Omar Castañeda has an MA in Fine Arts from Saint Martin’s Art College in London. He has lived in England for over a decade yet still remains close to his Colombian heritage. This is the reason why he keeps exploring subjects and materials related to his native South America. His main inspiration and resource when creating art is food. By using common elements, he dissects the past of towns and regions, tells personal stories and recreates armed conflicts, both current and past.

A basic human necessity, food is loaded with cultural, social and political implications with regard to its value, production, source and consumption. Food effectively dissolves most preconceived distinctions between nature and culture, production and consumption, morals and markets, family and society, the individual and the collective, body and mind.

Panela the New Gold of Colombia

Sugar was the gold of Europe 500 years ago. Royals and Nobles liked to display their rotten teeth due to exaggerated intake of sugar. It was a sign of power and opulence.This parallel between Panela (pure dried sugar cane juice) and Gold is one of Omar’s visual and conceptual explorations.

The protest of Colombian peasants against the government in 2013 did not end in blood or violence. When the armed police arrived to a town near Bogota, they were received with a traditional drink of sugarcane (Aguapanela) to make clear that their statement was political and not violent. Food was a balsam of peace in the middle of a conflict and these prints made of sugarcane ink reproduce those moments. The protest was not about clashing forces or raising turmoil, and it made the tabloids for all the wrong reasons. The whole outlook for the rural population in Colombia is not promising due to Free Trade Agreements with the United States and the EU. The Colombian peasants are left alone to battle corporate giants like Monsanto or to compete against countries with subsidised farming. The peasants raised their voices in protest peacefully through food.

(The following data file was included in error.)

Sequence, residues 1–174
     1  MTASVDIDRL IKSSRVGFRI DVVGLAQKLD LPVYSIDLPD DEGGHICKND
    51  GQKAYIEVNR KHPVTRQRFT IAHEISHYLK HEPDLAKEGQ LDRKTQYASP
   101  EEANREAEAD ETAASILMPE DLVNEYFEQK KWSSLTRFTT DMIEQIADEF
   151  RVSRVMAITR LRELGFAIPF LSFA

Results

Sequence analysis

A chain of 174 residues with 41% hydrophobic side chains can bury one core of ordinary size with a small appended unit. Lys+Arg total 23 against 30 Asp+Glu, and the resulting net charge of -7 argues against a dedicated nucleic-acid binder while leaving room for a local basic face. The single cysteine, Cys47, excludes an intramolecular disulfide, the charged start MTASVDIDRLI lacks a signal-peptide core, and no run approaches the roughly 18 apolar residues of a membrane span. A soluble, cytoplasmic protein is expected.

Panela is a staple in the Colombian cuisine, it is used as a drink, spice and source of energy. It is a national treasure and it has been around for centuries. Coming from the first pressing of sugar cane, Panela has been involved in all the developments of the country from the slaves involved in its production at the beginning, to the industrialisation of the agricultural fields.

Nowadays, Panela shows a duality of values very similar in contradiction because inside of it there is clash of two primary needs of survival in this overpopulated society: The one of supplying a source of energy able to sustain our development versus the other, the more primary need of supplying food.

Panela, when valued as a biofuel, increases its value as a drink but it is threatened as such at the same time. It is related to power, inequality and poverty. Gold and Panela are both recipients of two extreme values, interlinked in this collection as two mirrors reflecting each other and creating images full of glimmer, bitterness, pain and sweetness.

The Demonstration

This event aims to show the versatility of Panela. It will be served as a cocktail, and most important, the plasticity will be present in the works produced by the artist on the evening where Panela is the medium and the message alike. The panela ink, developed by the artist, will be imprinted on edible papers so the audience can eat the art works, a very peculiar experience, rarely found in a gallery!

A short video about how Panela is made will also be shown.

The event is Curated by Sandra Higgins, Independent Art Advisor/Curator and will take place on the 26th of August 2015 from 4pm to 9pm.